Welcome back to our series commemorating Women’s History Month. Learn about the wonderful, important work of the American Women’s Organization of Greece.
Women’s History Month: American Women’s Organization of Greece
This month we’ve commemorated some incredible contemporary Greek women. Today, in our final article in this series, learn about an amazing group called the American Women’s Organization of Greece (AWOG), and why you should be a part of it.
The roots of AWOG reach back to 1948. The wife of then-U.S. Ambassador to Greece Henry F. Grady, Lucretia Louise del Valle, had an idea to bring together American women living in Greece. A woman who actively was engaged in politics and women’s rights activism, Mrs. Grady wanted to study the American woman’s role in Greece. She presented her idea to George Marshall, the U.S. Secretary Of State, who also believed that an organized group of “well-informed women” would be great ambassadors of goodwill to their host country. AWOG came together as a study group, but soon expanded to give back to the community. Mrs. Grady was the very first woman to be named an honorary citizen of Athens.
In 1962, the thriving group expanded their reach and membership to include women of other nationalities (non-American). The addition of these new members made the group more dynamic and offered further opportunities for the group.
Over the years, the non-profit AWOG has supported many organizations and institutions, and assisted its members with many networking opportunities, leading to mentorships and employment. They’ve also spurred the growth of other women’s organizations in Athens. In 1975-76, AWOG helped launch Women’s International Club of Athens (WIC). The organization is also an active member of the Federation of Women’s Clubs Overseas (FAWCO). In 1988, AWOG hosted the FAWCO Interim Conference in Athens, which included more than 50 American women’s clubs and organizations from all over the world. Today, AWOG is but one of 70 FAWCO-member American Women’s Organizations around the world.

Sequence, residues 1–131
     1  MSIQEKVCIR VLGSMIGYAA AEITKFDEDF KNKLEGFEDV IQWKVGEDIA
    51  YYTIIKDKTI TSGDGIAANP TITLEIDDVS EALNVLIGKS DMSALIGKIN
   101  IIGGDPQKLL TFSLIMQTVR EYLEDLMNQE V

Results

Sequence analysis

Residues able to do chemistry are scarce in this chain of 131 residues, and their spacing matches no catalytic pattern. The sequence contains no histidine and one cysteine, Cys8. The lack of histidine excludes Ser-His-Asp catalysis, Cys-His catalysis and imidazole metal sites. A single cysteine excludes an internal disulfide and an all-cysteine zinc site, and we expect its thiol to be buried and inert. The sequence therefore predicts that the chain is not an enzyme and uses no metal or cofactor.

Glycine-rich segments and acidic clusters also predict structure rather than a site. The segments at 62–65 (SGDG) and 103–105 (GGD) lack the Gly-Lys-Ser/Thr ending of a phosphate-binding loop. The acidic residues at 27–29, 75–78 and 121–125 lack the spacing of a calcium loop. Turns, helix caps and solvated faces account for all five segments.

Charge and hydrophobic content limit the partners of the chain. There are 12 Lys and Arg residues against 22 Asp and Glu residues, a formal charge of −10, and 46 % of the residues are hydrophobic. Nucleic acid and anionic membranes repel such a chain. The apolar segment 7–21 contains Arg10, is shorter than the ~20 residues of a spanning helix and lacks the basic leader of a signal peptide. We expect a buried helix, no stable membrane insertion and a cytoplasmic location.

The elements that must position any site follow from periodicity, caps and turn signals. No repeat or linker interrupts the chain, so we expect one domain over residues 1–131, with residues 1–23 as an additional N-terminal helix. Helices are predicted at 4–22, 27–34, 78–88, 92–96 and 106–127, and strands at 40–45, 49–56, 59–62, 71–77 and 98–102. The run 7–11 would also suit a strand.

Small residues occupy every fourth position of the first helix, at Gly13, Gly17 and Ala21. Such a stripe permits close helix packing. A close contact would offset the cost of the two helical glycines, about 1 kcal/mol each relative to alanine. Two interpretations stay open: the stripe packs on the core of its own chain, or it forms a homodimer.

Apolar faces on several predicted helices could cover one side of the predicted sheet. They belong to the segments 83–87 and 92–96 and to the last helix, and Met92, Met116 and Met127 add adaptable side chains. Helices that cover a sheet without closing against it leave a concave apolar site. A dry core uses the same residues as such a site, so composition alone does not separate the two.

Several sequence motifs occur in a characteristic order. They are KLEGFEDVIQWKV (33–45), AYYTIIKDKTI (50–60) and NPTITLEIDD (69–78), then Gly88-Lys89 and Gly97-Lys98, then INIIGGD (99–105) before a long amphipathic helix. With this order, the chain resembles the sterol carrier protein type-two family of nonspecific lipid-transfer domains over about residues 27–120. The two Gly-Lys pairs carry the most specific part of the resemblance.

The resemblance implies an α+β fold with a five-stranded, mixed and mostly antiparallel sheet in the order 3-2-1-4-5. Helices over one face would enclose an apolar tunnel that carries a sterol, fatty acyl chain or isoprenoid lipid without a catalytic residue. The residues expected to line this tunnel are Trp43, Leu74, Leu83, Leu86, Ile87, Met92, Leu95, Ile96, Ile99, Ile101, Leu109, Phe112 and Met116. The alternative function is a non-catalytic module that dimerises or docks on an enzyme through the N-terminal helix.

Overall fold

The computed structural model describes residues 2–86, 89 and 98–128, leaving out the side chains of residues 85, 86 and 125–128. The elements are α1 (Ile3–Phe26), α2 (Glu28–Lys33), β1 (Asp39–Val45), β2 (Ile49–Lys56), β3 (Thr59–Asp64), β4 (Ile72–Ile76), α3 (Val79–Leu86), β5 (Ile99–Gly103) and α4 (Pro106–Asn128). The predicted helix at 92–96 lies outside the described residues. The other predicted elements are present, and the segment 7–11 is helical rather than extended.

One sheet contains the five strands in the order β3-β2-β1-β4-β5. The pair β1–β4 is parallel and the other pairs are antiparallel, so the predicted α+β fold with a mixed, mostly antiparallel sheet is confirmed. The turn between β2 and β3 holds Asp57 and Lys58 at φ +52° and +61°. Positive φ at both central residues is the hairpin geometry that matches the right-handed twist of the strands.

AWOG relevant today
With its long and storied history and the changing roles of women over the years, Treasurer & Communications Rep Stacey Papaioannou explained why AWOG remains relevant today.
“It remains both an organization that gives back to the community and its members. AWOG supports more than 20 charities and educational institutions through hands-on volunteering and fundraising. Volunteerism remains a relatively new concept in Greece, even following the 2004 Athens Olympics and especially since the financial crisis that has bludgeoned Greece since 2009. Setting an example with ‘a way of giving’ models responsible behavior for a community that suffers. As for being a member, for women who move to Greece, even with globalization, there is a huge cultural adjustment, even when you have grown up speaking Greek and being a part of a Greek-American community. The friendships formed with AWOG members help to bridge the gap and often fill in those gaps in ways a friend from the neighborhood or a relative simply cannot. It’s an easy way to learn about Greek culture, assimilate, and have fun with other gals who ‘get you!’”
AWOG hosts many events, from professional, to philanthropic, and just for fun.
“Our group offers a way of giving, a way of growing. AWOG members want to give to the community and they want to grow themselves. They do this through financial and volunteer support of many non-profit, non-political Greek institutions, and American community projects. AWOG also offers members a variety of activities such as tours, lectures, interest groups, and cultural activities that enrich their lives. Members also visit the charities and the educational institutions our organization supports. We serve meals to the homeless in downtown Athens, throw Christmas parties for the young patients at FLOGA (a Ronald McDonald type of hospitality center for pediatric cancer patients far from home). Several times a year we host the AWOG Heart Pillow Project “Stuffing Parties,” where members gather to prepare therapeutic pillows for mastectomy patients.